This is covered at Judith Curry's site: http://judithcurry.com/2013/10/25/unprecedented-arctic-warming/
Doing the reality based thing...
The Left like to monster capitalism, it's convenient and allows them to argue that politicians and unelected bureaucrats are far more altruistic and capable than those nasty fat-cats and their equally evil shareholders.
"poor short-term planning". Ha! It's been a lack of any planning and foresight. That's by the last government mostly, who had over a decade to put in place a workable plan to ensure we kept the lights on. They also had more money than they knew what to do with and a generally supportive population. They *still* managed to fuck it up.
If the government start to mess about in the energy market as per the the Labour plan we'll be no better off except in the very short term. Fuel prices might come down, everyone will feel good for a while, and we'll be sticking it to the greedy corporates. After that the money will be leached out of our pockets in some other way. As it always is because governments, particularly socialist governments, spend our money for us because they think they know better than we do.
Re: Go C#
> Java is... barely changed since the 90's - still comes with awful tools like Eclipse
Not so. Firstly Java has moved on a great deal from the language I was programming in during the 90s, I still prefer it to C#. As for IDEs,..
For Java development I've been using IntelliJ Idea since V2 and it's clearly better than anything else out there. The community edition is free, and if you decide you need the paid for version, the personal license won't break the bank. When I first started using it the community version didn't exist, so I chose to pay for a personal license rather than use Eclipse. It has support for languages other than Java.
If you go the C# route, I'd strongly recommend investing in Intellij Resharper. It makes MSDEV a tolerable environment.
I'm not associated with Intellij in any way, I just think their developer tools are excellent...
Money gets thrown away in waste or corruption in organisation that doesn't have proper controls over what happens to its money. Who knew?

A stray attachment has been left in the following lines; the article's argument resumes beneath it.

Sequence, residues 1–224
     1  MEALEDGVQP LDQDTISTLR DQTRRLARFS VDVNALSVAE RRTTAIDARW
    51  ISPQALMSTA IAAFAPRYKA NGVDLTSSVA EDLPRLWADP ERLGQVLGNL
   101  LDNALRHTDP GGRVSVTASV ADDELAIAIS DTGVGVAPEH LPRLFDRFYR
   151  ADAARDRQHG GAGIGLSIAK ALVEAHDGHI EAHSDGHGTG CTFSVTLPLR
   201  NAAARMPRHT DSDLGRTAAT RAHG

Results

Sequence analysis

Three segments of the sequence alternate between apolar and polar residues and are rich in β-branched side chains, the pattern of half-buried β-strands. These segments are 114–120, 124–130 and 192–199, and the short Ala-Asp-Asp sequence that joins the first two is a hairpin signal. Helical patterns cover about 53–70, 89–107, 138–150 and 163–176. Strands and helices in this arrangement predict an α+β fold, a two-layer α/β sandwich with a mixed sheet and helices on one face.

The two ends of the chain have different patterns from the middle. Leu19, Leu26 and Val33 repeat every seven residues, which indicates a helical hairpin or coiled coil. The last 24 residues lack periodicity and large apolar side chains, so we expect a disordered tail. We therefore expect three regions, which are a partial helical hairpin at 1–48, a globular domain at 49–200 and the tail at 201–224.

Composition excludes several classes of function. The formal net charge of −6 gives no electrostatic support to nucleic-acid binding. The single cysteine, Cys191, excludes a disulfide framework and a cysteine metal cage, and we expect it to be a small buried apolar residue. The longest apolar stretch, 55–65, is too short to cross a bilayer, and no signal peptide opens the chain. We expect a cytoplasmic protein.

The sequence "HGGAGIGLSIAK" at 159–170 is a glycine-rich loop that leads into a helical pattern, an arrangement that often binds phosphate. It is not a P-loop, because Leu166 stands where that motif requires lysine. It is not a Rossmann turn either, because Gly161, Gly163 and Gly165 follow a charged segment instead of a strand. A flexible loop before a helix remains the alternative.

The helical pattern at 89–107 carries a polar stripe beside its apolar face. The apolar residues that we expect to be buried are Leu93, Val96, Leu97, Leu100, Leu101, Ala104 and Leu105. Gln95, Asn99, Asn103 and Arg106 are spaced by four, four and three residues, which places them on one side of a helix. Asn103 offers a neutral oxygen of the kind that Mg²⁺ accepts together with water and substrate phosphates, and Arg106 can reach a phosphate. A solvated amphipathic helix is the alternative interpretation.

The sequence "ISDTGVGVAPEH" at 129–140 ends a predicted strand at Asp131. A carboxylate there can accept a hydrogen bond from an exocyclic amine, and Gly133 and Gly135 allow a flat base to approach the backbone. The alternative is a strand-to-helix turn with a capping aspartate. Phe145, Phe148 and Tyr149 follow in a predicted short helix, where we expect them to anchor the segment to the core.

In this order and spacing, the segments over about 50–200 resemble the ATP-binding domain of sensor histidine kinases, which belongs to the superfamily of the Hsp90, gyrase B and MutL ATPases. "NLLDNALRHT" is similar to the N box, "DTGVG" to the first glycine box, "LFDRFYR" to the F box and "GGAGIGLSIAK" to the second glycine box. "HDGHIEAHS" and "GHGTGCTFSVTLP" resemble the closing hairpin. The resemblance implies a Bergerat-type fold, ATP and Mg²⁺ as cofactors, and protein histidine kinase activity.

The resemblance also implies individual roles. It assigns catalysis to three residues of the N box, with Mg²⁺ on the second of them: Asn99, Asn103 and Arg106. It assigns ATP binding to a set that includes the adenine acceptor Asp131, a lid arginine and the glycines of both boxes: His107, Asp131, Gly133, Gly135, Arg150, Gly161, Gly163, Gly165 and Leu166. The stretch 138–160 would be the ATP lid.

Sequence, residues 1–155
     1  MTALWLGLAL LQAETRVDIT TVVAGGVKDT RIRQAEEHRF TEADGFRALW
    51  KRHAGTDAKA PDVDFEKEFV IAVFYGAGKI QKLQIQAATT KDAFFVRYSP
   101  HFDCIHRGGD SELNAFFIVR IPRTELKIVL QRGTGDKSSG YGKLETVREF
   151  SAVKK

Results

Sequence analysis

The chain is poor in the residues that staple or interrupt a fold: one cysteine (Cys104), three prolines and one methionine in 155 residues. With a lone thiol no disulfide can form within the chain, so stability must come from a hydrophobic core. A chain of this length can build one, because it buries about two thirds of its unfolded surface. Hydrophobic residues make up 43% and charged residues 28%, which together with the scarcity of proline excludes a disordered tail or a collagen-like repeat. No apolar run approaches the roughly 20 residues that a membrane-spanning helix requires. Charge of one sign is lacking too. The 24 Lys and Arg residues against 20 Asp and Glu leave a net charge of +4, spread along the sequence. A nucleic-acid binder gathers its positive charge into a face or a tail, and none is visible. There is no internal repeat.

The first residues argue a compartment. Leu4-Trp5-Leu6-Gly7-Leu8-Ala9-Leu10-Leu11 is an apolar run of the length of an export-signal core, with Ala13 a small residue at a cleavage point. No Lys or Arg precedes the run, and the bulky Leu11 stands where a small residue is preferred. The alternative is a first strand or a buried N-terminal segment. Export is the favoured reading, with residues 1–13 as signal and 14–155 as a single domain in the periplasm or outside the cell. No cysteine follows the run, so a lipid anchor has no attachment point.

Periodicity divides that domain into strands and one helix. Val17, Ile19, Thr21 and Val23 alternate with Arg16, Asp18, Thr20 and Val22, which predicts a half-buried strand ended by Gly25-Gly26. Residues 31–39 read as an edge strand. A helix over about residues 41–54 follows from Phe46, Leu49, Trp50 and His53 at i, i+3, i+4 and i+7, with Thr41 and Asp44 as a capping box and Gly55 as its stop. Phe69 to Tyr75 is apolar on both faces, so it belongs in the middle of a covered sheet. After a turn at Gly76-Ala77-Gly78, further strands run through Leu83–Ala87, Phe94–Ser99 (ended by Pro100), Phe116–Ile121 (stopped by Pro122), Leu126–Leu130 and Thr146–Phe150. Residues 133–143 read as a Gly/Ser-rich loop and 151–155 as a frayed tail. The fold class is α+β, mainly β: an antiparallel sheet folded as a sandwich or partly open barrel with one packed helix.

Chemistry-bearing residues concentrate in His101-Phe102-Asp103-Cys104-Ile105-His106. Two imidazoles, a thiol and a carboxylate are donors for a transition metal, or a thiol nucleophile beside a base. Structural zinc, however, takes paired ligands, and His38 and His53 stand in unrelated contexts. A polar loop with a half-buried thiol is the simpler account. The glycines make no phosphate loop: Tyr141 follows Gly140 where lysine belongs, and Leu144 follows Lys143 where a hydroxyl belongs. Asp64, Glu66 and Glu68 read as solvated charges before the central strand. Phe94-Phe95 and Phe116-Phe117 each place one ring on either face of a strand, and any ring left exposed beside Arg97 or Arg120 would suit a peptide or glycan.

That the waste and corruption was revealed by someone who has just left the den of thieves is not exactly news either. Why is it that they never say ANYTHING publicly while they're in post? Why not try to do something about it first and then resign or get sacked?
Too late too late
Deep in my research cavern my minions are already manufacturing parts based on these designs. Google will soon be a thing of the past Bwahhhh ha ha ha.
This and LPs both.
In a world where the majority are content to download MP3 despite it's shortcomings. This is going to be a minority sport. It certainly won't attract the strange group of people who are faddishly buying LPs...
Still, it took up space in the the newspaper that would, otherwise, have been filled with bile against immigrants, benefits scroungers, gays, politicians, unions, corporations or 'celebrity gossip'.
There was a time when people used to talk about newspapers like this as only fit to wipe your bum. But I wouldn't want to risk it.
Ahhh yes, windows and Unicode
It bring back all sorts of memories. None of them pleasant. But then I can't say I had many (any?) pleasant memories coding windows GUIs either direct to API or using the horror that was MFC. Unicode was just part of the shit I had to put up with.
Re: HL3? What's the point?
In fairness, you've got to compare it to other shooters at the time, and on that basis I think it holds up well.
I've been hoping that valve would have HL3 be their opener on Steam OS, my main concern is that if it does actually turn up it's never going to satisfy all of the pent up expectation that's been generated over the last 5 or 6 years.
Then again perhaps Newell is messing with our heads. Because he can.
Re: It's all politics
He means they choose which papers to cite and which to ignore. Those they choose to ignore are usually those that don't tow the party line.
For good reasons of course, when there's a consensus anything that goes against the consensus is most likely to be wrong and therefore not worth consideration. The fact that this artificially reinforces the consensus seems to be lost on them.
It's a form of confirmation bias.
Of course there's a good deal of political interference. Look at the contortions they went through between SPM last draft and release in an effort to obscure the pause.
They've already conceded it DOES have an effect.
What we're arguing about at the moment is the strength of the effect. I think everyone agrees that the changes in TSI are small, but there is growing evidence that the effects of those small changes can be quite large as they appear to have a significant influence on cloud formation.
It's a bit like the effects of CO2, the actual radiative effect of CO2 would only give rise to a 1c change, but feedback may be adding another degree or two. There's a lot more science that needs to be done, contrary to the impression one might have gained from the extremely political AR5 SPM.